Federal Court Finds Alabama Death Row Inmate Kenneth Thomas Cannot Be Executed Because He Is Intellectually Disabled


On April 21, 2009, the United States District Court for the Northern District of Alabama found that Alabama death row inmate Kenneth Thomas is intellectually disabled and vacated his death sentence.

In Atkins v. Virginia, the United States Supreme Court held that it is unconstitutional to execute intellectually disabled people because their diminished ability to understand and process information, to learn from experience, to engage in logical reasoning, and to control impulses make them less morally culpable and less likely to be deterred by the possibility of execution as a punishment.

The federal court’s conclusion that Kenny Thomas “is not eligible for execution, because the imposition of the death penalty would violate the Eighth Amendment’s prohibition against cruel and unusual punishment,” is based on evidence presented in a federal evidentiary hearing last year.

The evidence showed that, at nine years old, Kenny had an IQ of 56, and after failing first grade, spent the remainder of his school years in special education classes for the “educable mentally retarded.” He was described as being “less mature than persons his own age—e.g., he not only behaved like, but also looked like someone several years younger than his chronological age; gullible, and easily influenced by others to engage in disruptive, age-inappropriate behavior; incapable of functioning in mainstream classes; and, incapable of remembering or following even simple instructions.”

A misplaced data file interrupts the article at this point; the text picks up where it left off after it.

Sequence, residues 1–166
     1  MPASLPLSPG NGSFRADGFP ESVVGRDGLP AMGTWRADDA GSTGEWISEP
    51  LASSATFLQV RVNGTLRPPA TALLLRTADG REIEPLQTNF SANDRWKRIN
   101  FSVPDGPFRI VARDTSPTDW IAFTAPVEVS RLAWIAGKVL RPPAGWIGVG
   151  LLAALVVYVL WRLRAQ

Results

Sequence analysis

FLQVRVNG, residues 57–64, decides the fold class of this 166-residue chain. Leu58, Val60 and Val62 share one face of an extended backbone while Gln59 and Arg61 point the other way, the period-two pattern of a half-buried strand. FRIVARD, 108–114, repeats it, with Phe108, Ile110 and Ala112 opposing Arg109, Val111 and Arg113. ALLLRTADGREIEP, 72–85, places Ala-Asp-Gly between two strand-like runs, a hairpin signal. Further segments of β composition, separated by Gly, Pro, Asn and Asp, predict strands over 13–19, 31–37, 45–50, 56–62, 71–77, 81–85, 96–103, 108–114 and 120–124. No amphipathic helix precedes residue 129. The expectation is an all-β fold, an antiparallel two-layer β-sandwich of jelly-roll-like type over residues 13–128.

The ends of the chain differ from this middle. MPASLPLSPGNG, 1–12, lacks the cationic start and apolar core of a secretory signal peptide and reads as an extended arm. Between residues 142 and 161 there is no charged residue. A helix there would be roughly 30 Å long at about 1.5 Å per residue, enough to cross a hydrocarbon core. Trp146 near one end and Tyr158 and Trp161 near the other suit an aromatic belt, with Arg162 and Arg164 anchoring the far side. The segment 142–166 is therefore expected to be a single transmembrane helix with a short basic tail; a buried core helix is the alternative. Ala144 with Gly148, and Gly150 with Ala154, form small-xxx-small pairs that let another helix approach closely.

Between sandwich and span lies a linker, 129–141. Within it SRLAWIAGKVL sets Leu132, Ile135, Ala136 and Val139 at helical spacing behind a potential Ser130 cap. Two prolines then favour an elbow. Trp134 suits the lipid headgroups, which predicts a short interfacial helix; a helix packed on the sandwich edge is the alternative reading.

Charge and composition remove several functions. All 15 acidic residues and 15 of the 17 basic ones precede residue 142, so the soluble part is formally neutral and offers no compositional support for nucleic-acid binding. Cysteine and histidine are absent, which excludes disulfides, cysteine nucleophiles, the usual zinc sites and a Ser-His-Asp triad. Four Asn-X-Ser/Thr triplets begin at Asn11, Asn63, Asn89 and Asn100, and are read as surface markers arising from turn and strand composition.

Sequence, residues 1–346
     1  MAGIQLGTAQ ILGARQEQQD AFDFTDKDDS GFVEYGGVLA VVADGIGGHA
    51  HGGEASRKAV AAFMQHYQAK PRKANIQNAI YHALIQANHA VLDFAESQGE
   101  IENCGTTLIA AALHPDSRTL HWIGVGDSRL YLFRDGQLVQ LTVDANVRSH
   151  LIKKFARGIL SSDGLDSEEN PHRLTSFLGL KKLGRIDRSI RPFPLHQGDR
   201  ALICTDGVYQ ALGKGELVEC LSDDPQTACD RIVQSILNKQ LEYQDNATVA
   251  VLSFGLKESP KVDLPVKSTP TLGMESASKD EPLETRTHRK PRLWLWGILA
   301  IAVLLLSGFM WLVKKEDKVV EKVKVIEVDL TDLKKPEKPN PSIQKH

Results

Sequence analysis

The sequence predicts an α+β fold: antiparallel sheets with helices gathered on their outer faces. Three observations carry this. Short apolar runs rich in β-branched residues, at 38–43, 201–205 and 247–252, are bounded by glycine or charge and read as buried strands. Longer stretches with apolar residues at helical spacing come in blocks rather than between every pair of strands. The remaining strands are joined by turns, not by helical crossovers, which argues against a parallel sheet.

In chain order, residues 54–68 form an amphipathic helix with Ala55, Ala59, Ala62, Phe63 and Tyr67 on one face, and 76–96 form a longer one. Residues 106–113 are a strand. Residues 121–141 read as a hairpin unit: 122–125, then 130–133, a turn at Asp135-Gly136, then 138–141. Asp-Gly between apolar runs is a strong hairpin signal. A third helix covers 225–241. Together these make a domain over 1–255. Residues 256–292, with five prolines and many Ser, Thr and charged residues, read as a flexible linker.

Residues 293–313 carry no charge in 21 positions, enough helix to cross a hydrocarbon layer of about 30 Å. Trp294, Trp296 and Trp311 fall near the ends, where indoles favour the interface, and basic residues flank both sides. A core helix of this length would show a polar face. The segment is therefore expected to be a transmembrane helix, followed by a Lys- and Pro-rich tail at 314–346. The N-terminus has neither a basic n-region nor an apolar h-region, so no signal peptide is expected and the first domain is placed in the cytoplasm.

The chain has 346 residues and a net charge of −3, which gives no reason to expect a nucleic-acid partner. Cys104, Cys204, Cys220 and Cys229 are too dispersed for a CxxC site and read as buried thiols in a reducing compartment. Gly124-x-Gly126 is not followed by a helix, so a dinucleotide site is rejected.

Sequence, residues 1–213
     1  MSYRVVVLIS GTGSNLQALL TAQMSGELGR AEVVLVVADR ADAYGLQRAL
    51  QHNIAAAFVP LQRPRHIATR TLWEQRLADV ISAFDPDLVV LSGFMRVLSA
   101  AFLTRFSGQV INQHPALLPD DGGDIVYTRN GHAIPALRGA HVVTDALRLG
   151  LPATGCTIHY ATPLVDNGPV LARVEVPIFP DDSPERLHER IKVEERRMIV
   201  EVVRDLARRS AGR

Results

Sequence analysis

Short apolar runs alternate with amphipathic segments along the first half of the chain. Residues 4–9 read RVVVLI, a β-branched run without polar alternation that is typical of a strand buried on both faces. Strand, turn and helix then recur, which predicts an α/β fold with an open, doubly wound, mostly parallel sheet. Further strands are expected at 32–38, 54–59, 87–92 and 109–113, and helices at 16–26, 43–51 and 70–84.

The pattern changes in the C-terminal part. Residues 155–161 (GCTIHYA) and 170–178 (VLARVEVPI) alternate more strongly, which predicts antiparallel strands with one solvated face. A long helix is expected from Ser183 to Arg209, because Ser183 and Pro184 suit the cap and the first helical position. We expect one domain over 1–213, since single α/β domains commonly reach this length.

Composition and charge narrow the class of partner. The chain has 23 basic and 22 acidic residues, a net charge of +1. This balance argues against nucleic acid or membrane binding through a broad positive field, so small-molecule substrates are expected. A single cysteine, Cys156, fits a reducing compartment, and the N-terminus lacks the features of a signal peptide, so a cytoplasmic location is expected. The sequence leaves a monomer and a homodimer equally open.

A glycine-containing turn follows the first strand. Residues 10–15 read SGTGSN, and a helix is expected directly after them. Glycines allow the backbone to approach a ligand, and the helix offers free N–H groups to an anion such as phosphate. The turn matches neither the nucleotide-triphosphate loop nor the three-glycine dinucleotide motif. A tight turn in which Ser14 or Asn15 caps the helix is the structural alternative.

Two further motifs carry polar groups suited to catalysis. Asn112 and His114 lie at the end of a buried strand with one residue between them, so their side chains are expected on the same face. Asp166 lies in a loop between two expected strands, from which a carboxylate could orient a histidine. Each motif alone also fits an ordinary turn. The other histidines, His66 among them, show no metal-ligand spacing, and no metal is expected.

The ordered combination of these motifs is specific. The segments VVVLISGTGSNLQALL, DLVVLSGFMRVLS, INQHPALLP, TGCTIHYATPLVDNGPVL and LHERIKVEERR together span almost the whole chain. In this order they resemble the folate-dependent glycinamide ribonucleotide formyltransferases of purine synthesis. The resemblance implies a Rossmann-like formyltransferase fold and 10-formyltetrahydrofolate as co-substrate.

Kenny never lived independently, but lived with his parents, then foster parents, then his mother, and as a young adult in the home of acquaintances in Alabama and Texas. He opened a checking account when he was eighteen years old, but did not know how to fill out checks, so he asked other people (sometimes strangers) to fill out his checks for him, and then he would sign them.

As an adolescent, Kenny Thomas was able to do very simple household chores, such as folding clothes, but could not carry out many basic household tasks, such as cooking a recipe, preparing a shopping list, using a vacuum cleaner, washing and drying dishes, making a bed, or using a washing machine.

In a 126-page opinion, the federal court detailed the evidence about Mr. Thomas’s intellectual functioning and adaptive deficits and concluded that he meets the definition of intellectual disability. Accordingly, the court ordered that he must be resentenced to life imprisonment without the possibility of parole.

Another Alabama death row inmate, Glenn Holladay, recently obtained relief under Atkins. In January, the Eleventh Circuit affirmed the reversal of Mr. Holladay’s death sentence because he is intellectually disabled.